Some small lakes across South Carolina continued draining Tuesday as property managers raced to meet a state deadline to lower water levels behind what regulators called potentially unstable dams.
The S.C. Department of Health and Environmental Control did not have a count of how many of the 75 dams under an emergency order had met the agency’s 5 p.m. Tuesday deadline. But water levels were down this week at a string of well-known residential ponds in the Columbia area, including Spring Lake, Lake Katharine and Forest Lake.
Not every lake had finished lowering water levels. One dam manager said it would take at least two weeks to comply with DHEC’s order.
John Cooper, whose company manages the Windsor Lake dam in Northeast Richland, said releasing water too quickly from the lake could flood property downstream.
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“I certainly understand where they are coming from and I’m in full agreement these lakes need to be drained,’’ Cooper said. “But Windsor Lake is an old system. You can’t just immediately drain 80 acres of water.’’
Paul Lawrence, who lives downstream from Windsor Lake, said the dam has flaws that need repair. “I feel better that people are starting to draw down the lake, although two weeks is a long time for that body of water to sit like that,’’ he said.
Cooper said the dam is generally in good shape but agreed minor repairs are needed. A 2010 DHEC inspection report praised maintenance work on the dam since a previous review, according to documents provided by the agency last week.
Cooper and other dam owners involved in DHEC’s order also must provide an inspection report and action plan to the agency by Oct. 30.
DHEC’s emergency order follows an Oct. 4 flood that swamped hundreds of homes, destroyed cars and washed out more than three dozen dams across South Carolina, most of them in the Midlands. Some motorists caught in the flood died.
The flood highlighted questions about the state’s regulation of dams and sparked DHEC to inspect 652 high-hazard and significant hazard-dams across the state. That review is nearly completed.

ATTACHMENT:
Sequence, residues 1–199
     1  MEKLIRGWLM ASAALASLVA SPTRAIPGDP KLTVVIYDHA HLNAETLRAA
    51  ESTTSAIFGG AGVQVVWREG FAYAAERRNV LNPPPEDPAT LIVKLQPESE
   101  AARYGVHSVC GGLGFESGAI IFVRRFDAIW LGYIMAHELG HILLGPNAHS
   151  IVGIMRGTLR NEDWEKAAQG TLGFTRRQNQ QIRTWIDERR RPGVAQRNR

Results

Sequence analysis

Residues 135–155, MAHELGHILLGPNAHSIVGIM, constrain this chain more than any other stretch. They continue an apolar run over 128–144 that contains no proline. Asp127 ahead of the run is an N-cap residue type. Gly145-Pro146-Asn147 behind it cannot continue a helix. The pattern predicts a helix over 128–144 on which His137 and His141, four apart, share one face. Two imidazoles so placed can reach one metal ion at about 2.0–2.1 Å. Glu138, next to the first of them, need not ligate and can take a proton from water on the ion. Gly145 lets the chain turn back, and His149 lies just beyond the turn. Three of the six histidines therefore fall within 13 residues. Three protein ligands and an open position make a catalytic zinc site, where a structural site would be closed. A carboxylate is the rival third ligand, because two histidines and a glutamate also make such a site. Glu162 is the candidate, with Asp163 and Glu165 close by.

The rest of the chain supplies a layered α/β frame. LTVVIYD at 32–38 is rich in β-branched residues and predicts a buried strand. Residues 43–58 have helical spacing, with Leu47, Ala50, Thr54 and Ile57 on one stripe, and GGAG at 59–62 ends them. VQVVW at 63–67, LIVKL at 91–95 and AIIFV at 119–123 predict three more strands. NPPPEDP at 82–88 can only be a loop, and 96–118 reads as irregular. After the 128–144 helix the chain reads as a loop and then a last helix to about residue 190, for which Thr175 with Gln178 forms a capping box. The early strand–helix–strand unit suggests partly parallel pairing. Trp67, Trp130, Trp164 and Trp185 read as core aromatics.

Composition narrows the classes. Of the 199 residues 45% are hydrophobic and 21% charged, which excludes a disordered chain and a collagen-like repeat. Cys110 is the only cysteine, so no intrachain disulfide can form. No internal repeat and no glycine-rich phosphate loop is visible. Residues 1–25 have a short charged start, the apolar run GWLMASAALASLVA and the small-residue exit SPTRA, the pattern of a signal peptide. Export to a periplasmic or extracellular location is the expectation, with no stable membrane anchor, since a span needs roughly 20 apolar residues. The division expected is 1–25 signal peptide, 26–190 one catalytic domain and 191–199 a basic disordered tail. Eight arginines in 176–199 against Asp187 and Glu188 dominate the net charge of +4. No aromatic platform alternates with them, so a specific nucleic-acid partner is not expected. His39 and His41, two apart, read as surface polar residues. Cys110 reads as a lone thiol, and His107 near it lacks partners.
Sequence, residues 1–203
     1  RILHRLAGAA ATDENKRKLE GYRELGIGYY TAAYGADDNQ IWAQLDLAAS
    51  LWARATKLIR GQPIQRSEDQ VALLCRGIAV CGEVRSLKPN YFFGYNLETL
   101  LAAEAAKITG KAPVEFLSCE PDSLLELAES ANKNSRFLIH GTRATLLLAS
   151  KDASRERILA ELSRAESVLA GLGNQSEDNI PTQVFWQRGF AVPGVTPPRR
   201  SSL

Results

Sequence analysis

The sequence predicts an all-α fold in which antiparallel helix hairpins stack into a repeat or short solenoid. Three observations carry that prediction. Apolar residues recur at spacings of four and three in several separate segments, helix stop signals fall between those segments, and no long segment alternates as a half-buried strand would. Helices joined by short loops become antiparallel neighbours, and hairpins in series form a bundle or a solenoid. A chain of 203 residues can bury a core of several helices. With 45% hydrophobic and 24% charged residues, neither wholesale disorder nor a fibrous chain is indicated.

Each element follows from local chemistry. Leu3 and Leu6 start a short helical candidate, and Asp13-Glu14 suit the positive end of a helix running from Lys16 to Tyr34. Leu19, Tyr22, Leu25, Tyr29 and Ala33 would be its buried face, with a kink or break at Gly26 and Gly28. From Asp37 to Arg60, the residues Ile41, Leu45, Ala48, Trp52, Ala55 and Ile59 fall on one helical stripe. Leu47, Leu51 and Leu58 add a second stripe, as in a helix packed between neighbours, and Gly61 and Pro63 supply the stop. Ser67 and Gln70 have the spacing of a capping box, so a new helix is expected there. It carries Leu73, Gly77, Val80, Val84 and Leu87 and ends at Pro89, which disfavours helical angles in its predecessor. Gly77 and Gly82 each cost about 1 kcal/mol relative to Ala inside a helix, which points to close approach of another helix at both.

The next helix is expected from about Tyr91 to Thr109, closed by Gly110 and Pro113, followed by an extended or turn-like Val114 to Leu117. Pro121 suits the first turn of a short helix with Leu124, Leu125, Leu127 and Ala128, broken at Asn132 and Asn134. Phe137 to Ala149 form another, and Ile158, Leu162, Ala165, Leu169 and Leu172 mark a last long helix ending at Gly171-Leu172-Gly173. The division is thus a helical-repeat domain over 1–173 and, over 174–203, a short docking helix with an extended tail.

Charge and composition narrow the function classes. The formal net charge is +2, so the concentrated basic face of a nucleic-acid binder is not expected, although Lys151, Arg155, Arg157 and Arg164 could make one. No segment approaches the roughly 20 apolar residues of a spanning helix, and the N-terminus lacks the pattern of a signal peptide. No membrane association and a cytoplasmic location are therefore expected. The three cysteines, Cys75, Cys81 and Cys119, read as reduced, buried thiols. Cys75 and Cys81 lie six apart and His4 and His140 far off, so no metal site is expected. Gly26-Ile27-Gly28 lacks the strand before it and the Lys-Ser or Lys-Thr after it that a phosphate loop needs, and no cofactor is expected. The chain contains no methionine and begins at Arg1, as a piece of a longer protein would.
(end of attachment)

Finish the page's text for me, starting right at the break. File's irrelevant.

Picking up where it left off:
DHEC’s order Thursday to lower lake levels and develop plans to fix dams applies to about 75 bodies of water across South Carolina, nearly half of them in Richland and Lexington counties.
The agency’s order didn’t have much immediate impact on 17 lakes in Richland because their dams burst and water drained out as a result of the deluge.
But dams at another 11 lakes in Richland County, which withstood the storm, appeared “unsafe and a potential danger to property,’’ according to emergency orders by DHEC. Some dam owners began lowering lake levels over the weekend to comply with the order.
DHEC spokeswoman Jennifer Read said Tuesday after the deadline passed that her agency will take “necessary actions’’ for any dam owner who does not lower lake levels and take other steps to comply with the department’s orders.
That could include hiring a contractor to do the work and billing the dam owner, she said. Owners who do not comply could be hit with penalties of $500 per day until problems are fixed as well as $1,000 fines for violating an order, Read said.
Tim Kana, president of the Lake Katharine Homeowners Association, said his organization is happy to comply with the order. While the dam survived the Oct. 4 storm, it only makes sense to lower water levels and inspect the structure, he said.
“It needs to be done,’’ Kana said. “We were going to lower the lake anyway. We wanted to see the extent of any minor damage. We are anxious to repair it.’’
An inspector retained by the homeowners association looked over the Lake Katharine dam Tuesday, Kana said.
Many of the lakes with what DHEC calls potentially unsafe dams are in the Gills Creek watershed. The watershed includes a string of community ponds running through Columbia, Forest Acres and Arcadia Lakes. Many of the ponds are surrounded by high-end homes, purchased by people looking for lakefront property decades ago.
Arcadia Lakes Mayor Mark Huguley said lower water levels are a concern to many residents in the Gills Creek watershed. The lakes help maintain property values and provide tax revenues that benefit the public, he said. The lakes are “a part of the community — the whole community,’’ Huguley said. “So people are very anxious about this. I think they share a feeling of loss.’’